So far in this series we’ve talked about why we’re on a mission to create a more meaningful Christmas with our kids, changing our mindset about the holidays and five ways you can earn extra cash for Christmas {we also discussed in this same blog post why you may not need to do so!}.

Now that we’re inching closer to December, I wanted to share some ideas for “keeping it real”–in terms of your holiday budget, that is.

A budget for the Christmas season really consists of more than just buying gifts. In the past I was unrealistic about what this busy season was really costing our family and so I because a little stingy as we approached Christmas. Human nature being what it is, I tended to skimp on the giving to others. In an effort to be more realistic, lets look at what holiday spending may include:

  • Gifts for spouse
  • Gifts for children
  • Gifts for family
  • Gifts for teachers, coworkers, friends, etc
  • Christmas cards
  • Stamps for Christmas cards
  • Wrapping paper, bags, bows, etc
  • Food to bring to Sunday School programs
  • Food to bring to school programs
  • Food to bring to parties or gatherings
  • Food to bring or prepare for a Thanksgiving or Christmas meal
  • Ministry donations
  • Church giving
  • Tangible giving to charitable organizations
  • Miscellaneous, “can’t believe I forgot about that” expenses
Whew! Just looking at that makes me tired! 
Do you know that December 17th is a HUGE day for online retailers? It’s the cut-off day for shipping your gifts so they arrive before Christmas. Thousands of retailers offer free shipping, mostly because they know people wait until the last minute and will impulsively spend money in droves.

Don’t want to be that person? Would you rather spend wisely so you can give more to causes that are important to you and encourage a giving spirit in your kids? Here are some tips that are helping our family this year to keep our budget realistic and more simplified:
  • Look at your income and make an estimate of a general amount you would like to spend on Christmas this year in the above categories. 
  • Earn extra cash to make that possible or cut back on your weekly coffee habit for a month or so. Easier said than done, right? But remind yourself that its worth it, especially if you’ve decided to increase your giving this year.
  • Decide what you think you should spend on each of your children, your spouse, family, friends, etc. Take away $5 from each of those numbers. {More on that in a minute.}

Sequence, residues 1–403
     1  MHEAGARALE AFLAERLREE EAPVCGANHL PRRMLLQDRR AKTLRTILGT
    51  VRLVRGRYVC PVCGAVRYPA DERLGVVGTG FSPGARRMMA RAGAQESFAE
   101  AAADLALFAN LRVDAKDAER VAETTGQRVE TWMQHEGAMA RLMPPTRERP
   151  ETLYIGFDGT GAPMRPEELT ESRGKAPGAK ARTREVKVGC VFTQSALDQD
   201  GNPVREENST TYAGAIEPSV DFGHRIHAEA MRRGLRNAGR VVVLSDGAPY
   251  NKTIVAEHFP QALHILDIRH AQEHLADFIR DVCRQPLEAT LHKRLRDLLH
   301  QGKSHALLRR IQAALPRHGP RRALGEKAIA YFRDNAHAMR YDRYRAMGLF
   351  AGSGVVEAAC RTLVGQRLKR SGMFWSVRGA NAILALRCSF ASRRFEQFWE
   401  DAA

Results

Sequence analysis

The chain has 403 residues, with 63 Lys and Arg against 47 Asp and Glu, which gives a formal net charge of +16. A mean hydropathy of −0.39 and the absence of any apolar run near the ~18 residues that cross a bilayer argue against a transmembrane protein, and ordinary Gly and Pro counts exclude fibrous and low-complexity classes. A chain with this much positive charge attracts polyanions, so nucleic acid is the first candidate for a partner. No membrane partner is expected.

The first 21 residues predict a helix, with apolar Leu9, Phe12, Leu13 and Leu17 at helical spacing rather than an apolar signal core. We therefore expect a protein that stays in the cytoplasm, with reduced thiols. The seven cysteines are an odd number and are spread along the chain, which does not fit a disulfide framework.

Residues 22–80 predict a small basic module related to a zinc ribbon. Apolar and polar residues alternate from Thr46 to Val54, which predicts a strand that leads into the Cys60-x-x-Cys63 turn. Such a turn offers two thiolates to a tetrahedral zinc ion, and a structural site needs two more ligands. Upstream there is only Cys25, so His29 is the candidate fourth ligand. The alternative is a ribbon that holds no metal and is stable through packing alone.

• Log on to Pinterest {for a short time–ha ha!} or brainstorm only one or two simple homemade gift ideas that you can easily make for a group of people {teachers and friends and coworkers}. This not only helps you stay on budget but streamlines your gift-giving process {there’s the simplifying part} so you’re not wasting time searching for gifts online. Instead, spend that time creating a fun new Christmas tradition with your family or serving others {we’ll talk about ideas for that next week}!
  • Find some charities or ministries that you are passionate about and decide on an amount to donate to each one. Add $5 to each of those numbers. {Guess where those five dollars came from?} Here are a few ministries that we support.
  • Cut down your gift-giving list. Now, I’m not saying you should stop giving Grandma the jam from the home show that she loves getting each year. But if necessary, you may need to shorten your gift list if you have a tendency to buy something for every single person in your life. May I suggest though that you shorten your own personal gift list first ;)
  • Give “experience” gifts. Maybe instead of getting a bunch of things for your kids that will just clutter up the house, you could purchase an experience for them, such as a trip to a nice hotel with a waterslide park or a yearly pass to a favorite museum. There are good deals to be had on these things at various times of the year.
  • Find budget-friendly recipes that you can make for a holiday dinner or party. Erin from 5 Dollar Dinners has a great holiday entertaining e-book that provides lots of delicious and frugal meal ideas {plus lots more} that’s on sale right now for $1.99 {use the code THANKS}. 
Those are my thoughts! Next week, we’ll turn our attention to one of the most important parts of the Christmas season: serving and ministering to others with our family!

Your turn! How do you budget for Christmas while keeping your priorities straight? Share your money-saving tips in the comments!

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Feminine Adventures

Anna and I would love to have you join us for our weekly Thrifty Thursday Link Up! Posts about living frugally, thrifty tips and tricks, money-saving DIY projects and gardening, frugal recipes, and encouraging posts on financial stewardship are all welcome. Link up to either of our blogs–your post will be displayed in both places.We’d be very grateful if you’d share only thrifty-themed posts. (Read full guidelines here.)

We’re now sharing some of our favorites each week over on our Thrifty Thursday Pinterest board!

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3 Comments on Making a Realistic Budget for the Holidays (Simplifying and Serving During the Christmas Season) and Thrifty Thursday

  1. Great ideas! I always struggle as one who LOVES to give gifts with keeping it simple…I have learned and the experience gifts are a great idea along with getting a family item that everyone can enjoy for longer than the 2 days one plays with it after Christmas. Thanks for the tips.

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